Downland wildlife on the Powell Day walk

By Mary Shotter, Biology Technician

The wooded slopes and rolling hills of the South Downs are a very special landscape and provide a habitat for a wide and interesting variety of species, so Powell Day provided a perfect opportunity to see them at their best in the early spring sunshine.

Not far from the start point in the Queen Elizabeth Country Park, as we climbed gradually along a valley between War and Holt Downs, the browns and greens of the landscape were punctuated by a large patch of bright yellow coltsfoot, one of a few plants with the unusual habit of flowering before any leaves emerge. It is the leaves from which its name derives – when they do eventually unfurl in April they are large and hoof shaped.

Along the track were also patches of Juniper, the berries of which are used for flavouring gin. Once common, it is now a rare sight, due to habitat loss.

The colourful bracket fungus, turkeytails, covered piles of logs besides the chalky tracks. Further along between Buriton and Ditcham, at Coulters Dean, the path turned off the South Downs Way and past a field and grassy bank which was dotted with huge mounds of yellow meadow ant nests. Each one will house between 8,000 and 40,000 ants, feeding their larvae on the roots of Downland plants such as wild thyme. From here the track wound uphill through beech woodland, carpeted with wild garlic, the smell of which became obvious as it was crushed beneath our feet.

On the open grassland of Ditcham Park, skylarks were singing, hovering effortlessly, high above the ground, then parachuting down onto the fields, before ascending again. A lone red admiral butterfly flew past – most red admirals are migratory but a few like this one, will have hibernated and emerged into the early spring warmth in search of nectar. In the more open landscape around Chalton, buzzards and a lone red kite flew overhead, watching as we re-entered the Queen Elizabeth Park and after three hours made our way past yew and pine trees down to the finish.

Walking from Syria to Steep to support refugees

By Abi Wharton, Head of Global Perspectives, Geography and Politics

On Tuesday 8 March, the Bedales community will be off timetable for our termly community day – this term being Powell Day. It feels particularly important that we spend this day as a community after the tribulations of recent years – coming together to raise awareness and vital funds for those that continue to need support.

We are very excited to give you more information about our collective initiative to walk, as a school, the distance from Northern Syria to Steep in a single day (roughly 4500km). In tutor and year groups, Bedales students and staff will be walking a 10km route around Queen Elizabeth Country Park to raise sponsorship for the Rural Refugee Network, our charity partner. We are encouraging all tutor groups to raise at least £250 in sponsorship but encouraging some healthy competition by awarding prizes to both the tutor group and year group that raise the most in sponsorship!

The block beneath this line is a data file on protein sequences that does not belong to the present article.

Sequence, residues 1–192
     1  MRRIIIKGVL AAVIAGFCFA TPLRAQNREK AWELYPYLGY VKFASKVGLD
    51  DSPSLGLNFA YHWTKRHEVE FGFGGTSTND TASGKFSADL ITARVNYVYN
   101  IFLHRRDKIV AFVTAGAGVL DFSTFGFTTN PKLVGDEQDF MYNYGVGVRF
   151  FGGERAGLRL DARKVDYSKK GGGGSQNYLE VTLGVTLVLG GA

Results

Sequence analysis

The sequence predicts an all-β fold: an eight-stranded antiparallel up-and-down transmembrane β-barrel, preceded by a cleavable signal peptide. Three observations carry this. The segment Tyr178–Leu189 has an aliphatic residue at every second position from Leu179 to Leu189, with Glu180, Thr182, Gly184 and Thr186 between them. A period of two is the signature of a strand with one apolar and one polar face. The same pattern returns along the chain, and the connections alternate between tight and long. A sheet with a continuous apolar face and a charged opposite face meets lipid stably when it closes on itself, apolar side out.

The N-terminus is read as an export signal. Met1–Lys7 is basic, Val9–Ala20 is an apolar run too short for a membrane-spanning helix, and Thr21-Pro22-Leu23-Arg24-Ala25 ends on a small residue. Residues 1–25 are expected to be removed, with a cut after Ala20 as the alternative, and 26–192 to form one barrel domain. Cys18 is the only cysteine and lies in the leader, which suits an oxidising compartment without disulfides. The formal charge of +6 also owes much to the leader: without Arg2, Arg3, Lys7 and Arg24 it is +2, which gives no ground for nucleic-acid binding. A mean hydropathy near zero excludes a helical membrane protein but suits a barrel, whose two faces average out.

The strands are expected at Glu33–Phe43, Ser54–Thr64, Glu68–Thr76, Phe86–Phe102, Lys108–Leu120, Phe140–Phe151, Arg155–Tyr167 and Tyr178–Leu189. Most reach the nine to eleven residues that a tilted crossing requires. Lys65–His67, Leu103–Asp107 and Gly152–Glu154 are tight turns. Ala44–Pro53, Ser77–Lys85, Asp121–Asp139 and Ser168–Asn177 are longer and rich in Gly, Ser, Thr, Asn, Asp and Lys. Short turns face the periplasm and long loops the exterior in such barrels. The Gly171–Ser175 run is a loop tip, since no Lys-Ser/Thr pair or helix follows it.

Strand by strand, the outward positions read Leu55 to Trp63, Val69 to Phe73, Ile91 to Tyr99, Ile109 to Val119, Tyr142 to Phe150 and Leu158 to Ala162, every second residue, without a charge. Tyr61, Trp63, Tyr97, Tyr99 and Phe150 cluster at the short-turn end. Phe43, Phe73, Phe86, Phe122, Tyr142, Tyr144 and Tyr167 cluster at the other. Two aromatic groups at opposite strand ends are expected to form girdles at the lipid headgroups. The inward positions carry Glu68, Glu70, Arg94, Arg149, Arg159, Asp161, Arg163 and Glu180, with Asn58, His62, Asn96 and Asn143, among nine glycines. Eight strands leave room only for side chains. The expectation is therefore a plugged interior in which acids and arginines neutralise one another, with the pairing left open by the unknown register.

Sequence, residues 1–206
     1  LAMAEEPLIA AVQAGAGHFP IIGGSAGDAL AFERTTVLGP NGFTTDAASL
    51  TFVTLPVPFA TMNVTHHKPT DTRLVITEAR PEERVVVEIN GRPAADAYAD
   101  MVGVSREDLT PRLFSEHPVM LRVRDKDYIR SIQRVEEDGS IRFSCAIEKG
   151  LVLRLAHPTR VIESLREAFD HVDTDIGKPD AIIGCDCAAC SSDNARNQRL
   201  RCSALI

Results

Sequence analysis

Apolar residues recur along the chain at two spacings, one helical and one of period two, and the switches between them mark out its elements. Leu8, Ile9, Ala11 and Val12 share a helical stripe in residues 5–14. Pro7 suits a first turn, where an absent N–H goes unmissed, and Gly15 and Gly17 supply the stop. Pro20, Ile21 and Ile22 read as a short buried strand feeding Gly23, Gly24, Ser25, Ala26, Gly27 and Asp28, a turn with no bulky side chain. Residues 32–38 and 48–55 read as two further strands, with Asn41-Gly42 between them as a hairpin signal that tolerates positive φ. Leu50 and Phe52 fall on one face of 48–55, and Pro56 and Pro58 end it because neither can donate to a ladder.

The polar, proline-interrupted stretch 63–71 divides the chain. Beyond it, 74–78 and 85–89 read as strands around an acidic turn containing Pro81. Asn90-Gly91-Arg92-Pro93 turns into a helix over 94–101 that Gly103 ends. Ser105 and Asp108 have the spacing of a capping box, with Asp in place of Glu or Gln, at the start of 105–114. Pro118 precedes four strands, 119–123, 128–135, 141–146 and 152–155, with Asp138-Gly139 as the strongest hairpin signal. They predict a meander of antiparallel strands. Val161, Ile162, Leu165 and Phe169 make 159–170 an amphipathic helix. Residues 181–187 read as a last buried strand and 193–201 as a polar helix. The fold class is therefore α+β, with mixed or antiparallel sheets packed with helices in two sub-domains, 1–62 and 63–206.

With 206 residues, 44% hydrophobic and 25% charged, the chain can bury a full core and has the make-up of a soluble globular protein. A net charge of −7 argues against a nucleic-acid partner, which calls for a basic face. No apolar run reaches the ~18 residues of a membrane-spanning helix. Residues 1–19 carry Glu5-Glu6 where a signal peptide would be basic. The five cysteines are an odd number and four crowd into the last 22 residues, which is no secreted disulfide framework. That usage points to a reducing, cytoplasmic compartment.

Students will be able to give family and friends a URL allowing you to donate directly to their team via Give Penny, our chosen fundraising platform. We really hope you will be able to contribute to this worthwhile cause where both you and the students will be able to see exactly where these vital funds go. We would also be delighted if parents would like to participate on the walk itself.

I am also delighted that Gulwali Passarlay, a dear friend of the school who delivered the Global Awareness Lecture in 2017 will be joining us for the day to speak to the students and join us on the walk. Gulwali’s story is inspiring. It includes a 12-month odyssey across Europe to escape war-torn Afghanistan, arrival in the UK and graduation from one of the UK’s top universities. Gulwali Passarlay is a speaker, activist and former refugee who arrived in Britain in 2007, aged just 12, after being separated from his brother during his travels. His best-selling book, The Lightless Sky, is an account of his lone travels as a child including a 50-hour sea crossing in cramped quarters with more than 100 other refugees. At the time of the lecture, I said: “Gulwali’s resilience, determination and humour is a lesson to us all. He has faced unimaginable hardship and had his childhood taken away. Despite this, he bears no grudges, and has instead dedicated his life to raising awareness and improving the lives of millions of people around the world.” I think this message remains important as we look forward to 8 March – and I have certainly quoted the above when students have been a little reluctant about walking 10km!